In vitro study of the function of adrenocortical cells from pigs of differing in vivo response to adrenocorticotropin

Shu-Hua Zhang From the Department of Agriculture and Rural Affairs, Victoria, Veterinary Research Institute, Attwood, 475-485 Mickleham Rd, Attwood, Victoria 3049, Australia (Hennessy), and the School of Agriculture, La Trobe University, Bundoora, Victoria 3083, Australia (Zhang, Cranwell).

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 B Agr Sci
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David P. Hennessy From the Department of Agriculture and Rural Affairs, Victoria, Veterinary Research Institute, Attwood, 475-485 Mickleham Rd, Attwood, Victoria 3049, Australia (Hennessy), and the School of Agriculture, La Trobe University, Bundoora, Victoria 3083, Australia (Zhang, Cranwell).

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Peter D. Cranwell From the Department of Agriculture and Rural Affairs, Victoria, Veterinary Research Institute, Attwood, 475-485 Mickleham Rd, Attwood, Victoria 3049, Australia (Hennessy), and the School of Agriculture, La Trobe University, Bundoora, Victoria 3083, Australia (Zhang, Cranwell).

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SUMMARY

A study was conducted to determine whether within-breed differences in adrenocortical response to exogenous adrenocorticotropin (acth) might be accounted for by differences in responsiveness of the adrenocortical cells per se. Large White × Landrace male pigs (n = 20) were used; 10 had high adrenocortical response to acth administration and 10 had low response. Five high and 5 low responders were euthanatized at 15 weeks of age, and the remaining 5 high and 5 low responders were euthanatized at 21 weeks of age. Adrenal glands were removed and weighed, and adrenocortical cells were dispersed by tryptic digestion and incubated for 2 hours with synthetic acth at concentrations ranging from 0.5 to 10,000 pg/ml. Samples were taken at 30-minute intervals, and cortisol concentration was determined by use of a radioimmunoassay. Results indicate that for pigs of both age groups, high responders had heavier adrenal glands, with higher adrenocortical cell density and higher cell yield than did low responders. Synthetic acth had a stimulatory effect on dispersed porcine adrenocortical cells, as indicated by changes in cortisol concentration in vitro. Adrenocortical cells from high responders produced less cortisol, on a per-cell basis, than did those from low responders. However, when corrected for total cell yield, the potential cortisol production by each pair of adrenal glands was significantly (P < 0.05) higher in the high responders than in the low responders. Thus, high-responding pigs have larger adrenal glands and higher adrenocortical cell density, which may result in higher output of cortisol after acth administration or exposure to stressors.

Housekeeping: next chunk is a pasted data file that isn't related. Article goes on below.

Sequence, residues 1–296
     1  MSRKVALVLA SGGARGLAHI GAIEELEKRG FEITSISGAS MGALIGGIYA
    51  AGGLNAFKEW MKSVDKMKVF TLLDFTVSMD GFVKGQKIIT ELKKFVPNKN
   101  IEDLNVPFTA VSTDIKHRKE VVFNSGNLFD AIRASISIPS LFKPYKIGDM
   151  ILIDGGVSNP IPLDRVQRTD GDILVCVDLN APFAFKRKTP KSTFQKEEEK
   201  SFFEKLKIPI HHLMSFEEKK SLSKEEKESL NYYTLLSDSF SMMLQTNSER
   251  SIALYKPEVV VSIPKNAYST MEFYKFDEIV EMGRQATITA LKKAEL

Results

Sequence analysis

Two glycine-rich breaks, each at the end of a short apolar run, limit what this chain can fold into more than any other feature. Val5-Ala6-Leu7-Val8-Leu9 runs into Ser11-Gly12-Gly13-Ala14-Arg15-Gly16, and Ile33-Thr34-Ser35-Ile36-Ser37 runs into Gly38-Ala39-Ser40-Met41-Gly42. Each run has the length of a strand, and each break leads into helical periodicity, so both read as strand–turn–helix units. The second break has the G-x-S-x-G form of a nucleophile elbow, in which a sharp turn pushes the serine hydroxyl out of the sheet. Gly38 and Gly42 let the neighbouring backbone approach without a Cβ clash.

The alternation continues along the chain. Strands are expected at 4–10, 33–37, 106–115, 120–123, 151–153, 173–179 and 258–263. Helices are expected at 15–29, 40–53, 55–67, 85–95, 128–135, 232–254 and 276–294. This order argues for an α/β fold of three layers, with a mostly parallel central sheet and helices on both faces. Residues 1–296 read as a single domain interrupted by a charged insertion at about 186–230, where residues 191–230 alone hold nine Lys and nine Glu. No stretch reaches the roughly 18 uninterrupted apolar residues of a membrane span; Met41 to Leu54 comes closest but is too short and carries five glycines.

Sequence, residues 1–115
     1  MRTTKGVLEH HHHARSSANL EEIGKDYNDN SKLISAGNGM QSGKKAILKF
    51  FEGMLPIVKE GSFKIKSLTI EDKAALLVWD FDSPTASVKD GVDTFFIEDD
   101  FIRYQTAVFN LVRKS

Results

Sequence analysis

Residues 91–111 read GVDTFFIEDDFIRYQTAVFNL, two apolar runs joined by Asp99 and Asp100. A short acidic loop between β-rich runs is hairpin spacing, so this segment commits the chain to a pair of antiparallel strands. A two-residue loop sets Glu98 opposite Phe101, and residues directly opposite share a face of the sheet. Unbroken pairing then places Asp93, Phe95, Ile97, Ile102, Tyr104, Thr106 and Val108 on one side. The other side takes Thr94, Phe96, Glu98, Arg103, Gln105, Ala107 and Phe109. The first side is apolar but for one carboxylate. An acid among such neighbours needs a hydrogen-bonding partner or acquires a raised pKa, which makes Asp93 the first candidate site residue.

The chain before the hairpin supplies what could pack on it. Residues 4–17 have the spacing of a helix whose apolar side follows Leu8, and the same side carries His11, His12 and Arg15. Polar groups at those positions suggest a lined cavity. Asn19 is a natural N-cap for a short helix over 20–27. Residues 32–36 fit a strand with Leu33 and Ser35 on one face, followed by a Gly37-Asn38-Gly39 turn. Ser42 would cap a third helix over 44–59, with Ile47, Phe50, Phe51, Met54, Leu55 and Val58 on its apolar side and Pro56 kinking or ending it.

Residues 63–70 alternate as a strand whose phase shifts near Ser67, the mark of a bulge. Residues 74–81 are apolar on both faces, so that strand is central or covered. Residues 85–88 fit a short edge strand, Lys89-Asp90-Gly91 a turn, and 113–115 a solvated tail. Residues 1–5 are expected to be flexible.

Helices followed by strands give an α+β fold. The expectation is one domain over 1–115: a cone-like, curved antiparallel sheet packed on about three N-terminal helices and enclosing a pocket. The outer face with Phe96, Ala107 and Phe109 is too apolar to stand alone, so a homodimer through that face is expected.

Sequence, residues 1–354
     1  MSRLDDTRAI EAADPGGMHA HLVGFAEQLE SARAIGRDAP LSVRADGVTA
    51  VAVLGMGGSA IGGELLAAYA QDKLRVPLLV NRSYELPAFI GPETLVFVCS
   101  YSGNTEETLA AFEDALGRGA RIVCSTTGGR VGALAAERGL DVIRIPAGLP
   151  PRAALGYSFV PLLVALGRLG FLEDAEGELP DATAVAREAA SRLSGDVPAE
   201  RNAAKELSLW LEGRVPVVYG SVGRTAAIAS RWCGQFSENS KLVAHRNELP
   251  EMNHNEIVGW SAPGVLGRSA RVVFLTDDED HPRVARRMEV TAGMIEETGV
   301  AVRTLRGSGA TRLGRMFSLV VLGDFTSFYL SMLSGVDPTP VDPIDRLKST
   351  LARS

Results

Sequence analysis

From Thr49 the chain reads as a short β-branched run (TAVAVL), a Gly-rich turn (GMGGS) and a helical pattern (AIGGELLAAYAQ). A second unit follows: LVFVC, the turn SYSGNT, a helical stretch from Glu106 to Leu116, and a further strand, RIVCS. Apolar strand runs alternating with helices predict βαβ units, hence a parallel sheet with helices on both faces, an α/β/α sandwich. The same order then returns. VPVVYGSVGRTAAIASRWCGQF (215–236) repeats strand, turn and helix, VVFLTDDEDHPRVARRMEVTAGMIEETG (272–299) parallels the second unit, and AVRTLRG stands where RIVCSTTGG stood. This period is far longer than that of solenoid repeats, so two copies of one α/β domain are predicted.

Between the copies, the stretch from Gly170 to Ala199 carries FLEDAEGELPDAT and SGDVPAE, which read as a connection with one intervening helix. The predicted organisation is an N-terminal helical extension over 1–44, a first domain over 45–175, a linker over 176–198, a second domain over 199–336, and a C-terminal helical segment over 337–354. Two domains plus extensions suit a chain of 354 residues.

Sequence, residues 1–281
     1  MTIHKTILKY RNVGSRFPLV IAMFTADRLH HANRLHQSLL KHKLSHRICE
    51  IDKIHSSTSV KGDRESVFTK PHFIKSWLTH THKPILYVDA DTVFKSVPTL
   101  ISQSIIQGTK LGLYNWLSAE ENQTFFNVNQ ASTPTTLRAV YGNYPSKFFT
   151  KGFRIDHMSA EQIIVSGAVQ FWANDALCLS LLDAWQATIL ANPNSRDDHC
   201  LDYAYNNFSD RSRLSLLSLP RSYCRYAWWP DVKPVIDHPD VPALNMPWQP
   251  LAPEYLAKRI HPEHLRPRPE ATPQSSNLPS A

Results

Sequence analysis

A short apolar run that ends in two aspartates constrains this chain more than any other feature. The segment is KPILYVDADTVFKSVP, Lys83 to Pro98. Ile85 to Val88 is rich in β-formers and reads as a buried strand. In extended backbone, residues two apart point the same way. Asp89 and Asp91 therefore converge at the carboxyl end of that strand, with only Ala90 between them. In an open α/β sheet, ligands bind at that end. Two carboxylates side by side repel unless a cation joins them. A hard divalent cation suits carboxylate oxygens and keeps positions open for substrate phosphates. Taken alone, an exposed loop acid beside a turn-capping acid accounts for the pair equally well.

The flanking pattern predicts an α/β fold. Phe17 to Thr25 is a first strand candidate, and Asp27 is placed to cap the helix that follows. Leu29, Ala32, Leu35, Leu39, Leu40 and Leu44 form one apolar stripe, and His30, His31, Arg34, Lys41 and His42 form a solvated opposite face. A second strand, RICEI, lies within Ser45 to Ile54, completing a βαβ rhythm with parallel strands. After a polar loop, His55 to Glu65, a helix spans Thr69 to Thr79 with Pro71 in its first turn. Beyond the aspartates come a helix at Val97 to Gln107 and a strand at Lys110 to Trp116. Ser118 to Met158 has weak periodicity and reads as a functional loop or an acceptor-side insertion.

For high- and low-responding groups, 15-week-old pigs had higher adrenal gland weight to body weight ratio, higher adrenocortical cell density, and higher steroidogenic function per adrenocortical cell than did 21-week-old pigs.

SUMMARY

A study was conducted to determine whether within-breed differences in adrenocortical response to exogenous adrenocorticotropin (acth) might be accounted for by differences in responsiveness of the adrenocortical cells per se. Large White × Landrace male pigs (n = 20) were used; 10 had high adrenocortical response to acth administration and 10 had low response. Five high and 5 low responders were euthanatized at 15 weeks of age, and the remaining 5 high and 5 low responders were euthanatized at 21 weeks of age. Adrenal glands were removed and weighed, and adrenocortical cells were dispersed by tryptic digestion and incubated for 2 hours with synthetic acth at concentrations ranging from 0.5 to 10,000 pg/ml. Samples were taken at 30-minute intervals, and cortisol concentration was determined by use of a radioimmunoassay. Results indicate that for pigs of both age groups, high responders had heavier adrenal glands, with higher adrenocortical cell density and higher cell yield than did low responders. Synthetic acth had a stimulatory effect on dispersed porcine adrenocortical cells, as indicated by changes in cortisol concentration in vitro. Adrenocortical cells from high responders produced less cortisol, on a per-cell basis, than did those from low responders. However, when corrected for total cell yield, the potential cortisol production by each pair of adrenal glands was significantly (P < 0.05) higher in the high responders than in the low responders. Thus, high-responding pigs have larger adrenal glands and higher adrenocortical cell density, which may result in higher output of cortisol after acth administration or exposure to stressors.

For high- and low-responding groups, 15-week-old pigs had higher adrenal gland weight to body weight ratio, higher adrenocortical cell density, and higher steroidogenic function per adrenocortical cell than did 21-week-old pigs.

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